Book Review: Jimfish by Christopher Hope
Location: Green line – Gamsam-dong to Sinnam; Monorail – Sinnam to Suseong Lake in Daegu, South Korea
In an interview with Sue Grant-Marshall in April last year, Christopher Hope said that older South Africans would remember the greeting, “How are you doing Jim Fish?”
The dictionary defines it as an insulting term, “but it was not meant unkindly. It was a generic term used back then for a black man whose name South Africans didn’t know. They didn’t think it was abnormal but of course it was deeply abnormal.”
I suppose it speaks of my age that I’d never heard this word until reading Hope’s satirical novel/travelogue, Jimfish.
Set in 1984 (a homage to Orwell?), Jimfish tells the story of a young man who one day washes up on the shores of Port Pallid, South Africa. The town sergeant executes a pencil test on the young man, yet Jimfish remains impossible to classify with his white, pink, tanned and honey-coloured skin (that sometimes appears to be blue).
The sergeant orders the skipper who hauled him in to find him some work until they are able to decide which race he belongs to. It’s in the skipper’s garden where Jimfish meets his friend and mentor, Soviet Malala, and his political education begin. A roll in the hay with the sergeant’s daughter leads to an expedition around the world that allows Jimfish (and the reader) to witness the major global political events from the 1980s to 1994.
What makes Jimfish such a spectacular read is the fact that Hope himself witnessed many of the event he describes in the novel. In the Forward, Hope writes:
Like much else in Jimfish, not only are many events all-too real – the collapse of ex-Yugoslavia, the fall of the Berlin Wall, the red berets of the Fifth Commando in Zimbabwe with their zeal for massacres, Mobutu’s many palaces – but also, more by luck than judgement, I was there for a lot of them. And made notes. Because what I saw of the facts easily outstripped fiction.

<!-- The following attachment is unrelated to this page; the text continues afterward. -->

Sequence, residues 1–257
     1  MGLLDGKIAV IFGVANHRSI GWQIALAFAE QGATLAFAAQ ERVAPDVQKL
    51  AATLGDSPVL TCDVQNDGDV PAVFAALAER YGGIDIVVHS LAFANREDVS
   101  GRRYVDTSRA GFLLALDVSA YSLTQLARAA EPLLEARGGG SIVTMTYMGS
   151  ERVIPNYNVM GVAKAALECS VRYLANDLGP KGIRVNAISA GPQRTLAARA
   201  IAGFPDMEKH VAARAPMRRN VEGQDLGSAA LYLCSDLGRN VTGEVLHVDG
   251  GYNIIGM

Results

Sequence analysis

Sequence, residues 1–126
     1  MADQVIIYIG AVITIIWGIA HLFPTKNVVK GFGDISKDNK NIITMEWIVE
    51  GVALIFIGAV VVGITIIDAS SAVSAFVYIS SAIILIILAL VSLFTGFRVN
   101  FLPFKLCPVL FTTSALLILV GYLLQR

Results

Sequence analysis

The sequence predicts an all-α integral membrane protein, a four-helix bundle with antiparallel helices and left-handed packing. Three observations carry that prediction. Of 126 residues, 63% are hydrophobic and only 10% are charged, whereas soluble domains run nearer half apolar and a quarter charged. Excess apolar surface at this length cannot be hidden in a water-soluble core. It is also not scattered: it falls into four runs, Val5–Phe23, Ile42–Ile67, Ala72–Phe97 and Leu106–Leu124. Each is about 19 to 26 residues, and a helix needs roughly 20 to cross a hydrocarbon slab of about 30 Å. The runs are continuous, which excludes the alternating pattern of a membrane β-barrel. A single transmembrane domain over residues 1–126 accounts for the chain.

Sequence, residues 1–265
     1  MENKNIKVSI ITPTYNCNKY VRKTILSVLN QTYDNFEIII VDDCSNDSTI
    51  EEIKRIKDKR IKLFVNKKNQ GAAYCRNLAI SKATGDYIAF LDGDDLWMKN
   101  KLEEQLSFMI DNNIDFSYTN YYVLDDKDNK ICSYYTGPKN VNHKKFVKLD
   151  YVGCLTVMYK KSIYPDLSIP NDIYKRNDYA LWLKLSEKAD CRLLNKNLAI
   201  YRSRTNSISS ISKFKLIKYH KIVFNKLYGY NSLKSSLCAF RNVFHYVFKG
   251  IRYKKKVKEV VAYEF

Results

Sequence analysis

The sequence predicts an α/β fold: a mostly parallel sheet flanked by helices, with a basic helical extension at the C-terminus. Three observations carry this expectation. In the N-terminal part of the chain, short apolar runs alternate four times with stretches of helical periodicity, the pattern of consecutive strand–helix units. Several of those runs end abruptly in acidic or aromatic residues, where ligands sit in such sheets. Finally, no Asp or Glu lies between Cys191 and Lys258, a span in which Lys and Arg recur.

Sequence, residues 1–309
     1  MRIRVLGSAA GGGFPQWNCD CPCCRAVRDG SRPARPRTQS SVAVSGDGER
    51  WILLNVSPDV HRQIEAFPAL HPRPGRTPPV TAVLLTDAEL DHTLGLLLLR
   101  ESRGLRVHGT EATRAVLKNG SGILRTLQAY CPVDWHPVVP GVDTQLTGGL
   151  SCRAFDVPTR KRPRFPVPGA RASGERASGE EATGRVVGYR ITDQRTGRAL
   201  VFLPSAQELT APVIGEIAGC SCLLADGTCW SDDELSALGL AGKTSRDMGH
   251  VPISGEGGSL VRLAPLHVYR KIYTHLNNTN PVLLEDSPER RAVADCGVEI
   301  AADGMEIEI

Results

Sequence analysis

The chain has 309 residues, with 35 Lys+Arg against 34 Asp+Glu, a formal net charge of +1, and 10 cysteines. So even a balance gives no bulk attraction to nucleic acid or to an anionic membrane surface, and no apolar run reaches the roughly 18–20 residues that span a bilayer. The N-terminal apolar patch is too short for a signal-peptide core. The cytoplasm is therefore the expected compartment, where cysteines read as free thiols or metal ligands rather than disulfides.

Despite his best efforts, Jimfish repeatedly finds himself on the wrong side of history and struggles to feel the revolutionary fire that’s supposed to course through his veins. Throughout the novel, Jimfish struggles with the question: “How will I know when I’m on the right side of history? Who will I ask?” to which Soviet Malala replies: “There is no need to ask, no room for doubt, no chance of error. Just remember the central rule of Soviet socialism: everything not expressly permitted is always forbidden.” At the end of the novel (don’t worry, no spoilers) the revolutionaries have become the establishment, yet Jimfish feels a keen sense of discomfort at their rhetoric, so similar to the speeches he heard in the 1980s.
Jimfish in a sense reminds me of Antjie Krog’s anthology Gedigte 1989-1995, in which she writes: “Ek sê dit vooruit/ hard/ ek staan vir niks/ ek skaar my by nêrens” and all politicians are the same: “almal is mans almal/ is nekke almal/ peule van mag”. Both Krog and Hope are disillusioned and angry with the way things turned out.
I think most people who are not assholes can identify with Jimfish. He just wants to get on with life, settle down with someone he loves (no matter the colour of her skin), yet he’s constantly being pushed around by political agendas. Hope so brilliantly captures the small-mindedness of small town South Africa; the hypocrisy in all of us when it comes to where we stood when the tides changed.
In less than 200 pages Hope is able to convey a decade of history, symbolism, politics and philosophy. Yet, I couldn’t help but feel a bit unsure whether I liked it or not. I don’t have a clever, literary reason for feeling this way, and I’m possibly the only person in the world who felt this way. It’s just that, while I was reading Jimfish I was also following the #RUReferenceList protest on social media and I couldn’t help feeling that as a (now almost 30-year-old) woman there are other issues, different issues affecting me and my daily life that need to be written about. Yet, at the same time, I enjoyed reading about the different political events and I get Hope’s message that people who don’t know their history are doomed to repeat it. Jimfish definitely made me feel uncomfortable, which, in my opinion, is a higher ideal to strive for than being liked.
This review’s turned into a bit of a ramble. I apologise.
I’ll keep it on my shelf and read it again in another 10 years’ time.